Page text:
ICD-10-CM Code H16.252

Phlyctenular keratoconjunctivitis, left eye

Version 2021 Billable Code

Valid for Submission

H16.252 is a billable code used to specify a medical diagnosis of phlyctenular keratoconjunctivitis, left eye. The code is valid for the fiscal year 2021 for the submission of HIPAA-covered transactions.

ICD-10:H16.252
Short Description:Phlyctenular keratoconjunctivitis, left eye
Long Description:Phlyctenular keratoconjunctivitis, left eye

Diagnostic Related Groups

The ICD-10 code H16.252 is grouped in the following groups for version MS-DRG V38.0 What are Diagnostic Related Groups?
The Diagnostic Related Groups (DRGs) are a patient classification scheme which provides a means of relating the type of patients a hospital treats. The DRGs divides all possible principal diagnoses into mutually exclusive principal diagnosis areas referred to as Major Diagnostic Categories (MDC).
applicable from 10/01/2020 through 09/30/2021.

  • 124 - OTHER DISORDERS OF THE EYE WITH MCC
  • 125 - OTHER DISORDERS OF THE EYE WITHOUT MCC

Convert H16.252 to ICD-9

  • 370.31 - Phlycten keratoconjunct (Approximate Flag)

Code Classification

  • Diseases of the eye and adnexa (H00–H59)
    • Disorders of sclera, cornea, iris and ciliary body (H15-H22)
      • Keratitis (H16)

Code History

  • FY 2016 - New Code, effective from 10/1/2015 through 9/30/2016
    (First year ICD-10-CM implemented into the HIPAA code set)
  • FY 2017 - No Change, effective from 10/1/2016 through 9/30/2017
  • FY 2018 - No Change, effective from 10/1/2017 through 9/30/2018
  • FY 2019 - No Change, effective from 10/1/2018 through 9/30/2019
  • FY 2020 - No Change, effective from 10/1/2019 through 9/30/2020
  • FY 2021 - No Change, effective from 10/1/2020 through 9/30/2021

Information for Patients


Corneal Disorders

Your cornea is the outermost layer of your eye. It is clear and shaped like a dome. The cornea helps to shield the rest of the eye from germs, dust, and other harmful matter. It also helps your eye to focus. If you wear contact lenses, they float on top of your corneas.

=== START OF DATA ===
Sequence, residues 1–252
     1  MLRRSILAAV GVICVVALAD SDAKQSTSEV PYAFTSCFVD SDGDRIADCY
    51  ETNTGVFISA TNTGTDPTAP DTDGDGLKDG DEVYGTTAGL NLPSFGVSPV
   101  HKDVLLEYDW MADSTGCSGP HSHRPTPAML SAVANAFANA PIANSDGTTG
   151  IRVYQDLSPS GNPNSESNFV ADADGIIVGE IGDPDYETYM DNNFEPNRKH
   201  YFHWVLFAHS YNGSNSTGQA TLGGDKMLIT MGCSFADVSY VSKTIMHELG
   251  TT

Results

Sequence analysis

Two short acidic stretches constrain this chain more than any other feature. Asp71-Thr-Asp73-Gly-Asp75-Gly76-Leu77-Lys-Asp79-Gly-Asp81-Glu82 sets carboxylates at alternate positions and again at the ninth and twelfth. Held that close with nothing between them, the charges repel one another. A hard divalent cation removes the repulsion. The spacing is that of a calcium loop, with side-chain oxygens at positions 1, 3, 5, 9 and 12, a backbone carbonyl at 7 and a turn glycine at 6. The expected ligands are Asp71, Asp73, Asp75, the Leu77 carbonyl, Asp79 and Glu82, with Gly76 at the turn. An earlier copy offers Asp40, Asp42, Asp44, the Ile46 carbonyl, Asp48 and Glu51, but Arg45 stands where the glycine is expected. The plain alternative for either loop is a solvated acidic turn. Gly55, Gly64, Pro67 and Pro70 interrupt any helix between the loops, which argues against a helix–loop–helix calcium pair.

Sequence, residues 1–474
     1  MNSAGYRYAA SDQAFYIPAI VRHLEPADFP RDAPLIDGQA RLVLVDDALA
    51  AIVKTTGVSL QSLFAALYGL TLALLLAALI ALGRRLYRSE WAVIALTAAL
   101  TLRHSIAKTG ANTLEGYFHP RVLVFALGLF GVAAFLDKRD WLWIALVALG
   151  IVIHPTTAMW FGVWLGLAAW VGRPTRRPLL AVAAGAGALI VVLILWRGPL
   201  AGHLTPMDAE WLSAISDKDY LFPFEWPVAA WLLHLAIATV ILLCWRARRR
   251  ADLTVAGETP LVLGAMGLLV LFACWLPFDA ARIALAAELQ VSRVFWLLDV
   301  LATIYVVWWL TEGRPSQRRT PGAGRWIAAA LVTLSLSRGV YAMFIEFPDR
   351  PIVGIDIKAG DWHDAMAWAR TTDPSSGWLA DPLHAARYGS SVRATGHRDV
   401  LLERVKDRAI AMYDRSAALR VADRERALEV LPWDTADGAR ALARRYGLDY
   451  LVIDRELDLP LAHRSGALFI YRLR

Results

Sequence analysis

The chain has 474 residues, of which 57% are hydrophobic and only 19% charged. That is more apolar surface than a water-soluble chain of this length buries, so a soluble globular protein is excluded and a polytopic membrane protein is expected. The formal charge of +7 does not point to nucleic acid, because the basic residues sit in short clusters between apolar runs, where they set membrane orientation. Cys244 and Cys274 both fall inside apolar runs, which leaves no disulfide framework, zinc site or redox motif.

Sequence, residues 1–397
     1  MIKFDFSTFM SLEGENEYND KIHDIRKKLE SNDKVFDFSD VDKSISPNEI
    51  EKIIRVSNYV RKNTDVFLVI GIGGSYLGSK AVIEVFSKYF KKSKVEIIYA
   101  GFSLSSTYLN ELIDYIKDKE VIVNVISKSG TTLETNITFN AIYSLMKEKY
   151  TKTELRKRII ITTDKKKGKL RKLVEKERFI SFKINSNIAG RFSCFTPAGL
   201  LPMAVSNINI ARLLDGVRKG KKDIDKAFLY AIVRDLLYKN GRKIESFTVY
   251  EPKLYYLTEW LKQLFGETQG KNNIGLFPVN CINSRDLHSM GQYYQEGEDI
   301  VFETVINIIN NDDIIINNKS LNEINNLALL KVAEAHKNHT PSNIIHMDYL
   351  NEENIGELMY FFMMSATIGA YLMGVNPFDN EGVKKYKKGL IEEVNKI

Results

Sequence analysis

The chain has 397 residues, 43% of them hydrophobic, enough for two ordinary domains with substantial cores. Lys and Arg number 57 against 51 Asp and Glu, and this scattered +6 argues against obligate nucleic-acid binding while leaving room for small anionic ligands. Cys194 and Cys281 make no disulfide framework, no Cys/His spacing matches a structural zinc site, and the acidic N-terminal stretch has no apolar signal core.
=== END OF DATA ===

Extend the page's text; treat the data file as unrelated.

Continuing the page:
Problems with the cornea include

  • Refractive errors
  • Allergies
  • Infections
  • Injuries
  • Dystrophies - conditions in which parts of the cornea lose clarity due to a buildup of cloudy material

Treatments of corneal disorders include medicines, corneal transplantation, and corneal laser surgery.

NIH: National Eye Institute

  • Cloudy cornea (Medical Encyclopedia)
  • Corneal injury (Medical Encyclopedia)
  • Corneal transplant (Medical Encyclopedia)
  • Corneal ulcers and infections (Medical Encyclopedia)
  • Fuchs dystrophy (Medical Encyclopedia)
  • Keratoconus (Medical Encyclopedia)

[Learn More]

Pinkeye

Also called: Conjunctivitis

Conjunctivitis is the medical name for pink eye. It involves inflammation of the outer layer of the eye and inside of the eyelid. It can cause swelling, itching, burning, discharge, and redness. Causes include

  • Bacterial or viral infection
  • Allergies
  • Substances that cause irritation
  • Contact lens products, eye drops, or eye ointments

Pinkeye usually does not affect vision. Infectious pink eye can easily spread from one person to another. The infection will clear in most cases without medical care, but bacterial pinkeye needs treatment with antibiotic eye drops or ointment.

NIH: National Eye Institute

  • Allergic conjunctivitis (Medical Encyclopedia)
  • Conjunctivitis (Medical Encyclopedia)
  • Vernal conjunctivitis (Medical Encyclopedia)

[Learn More]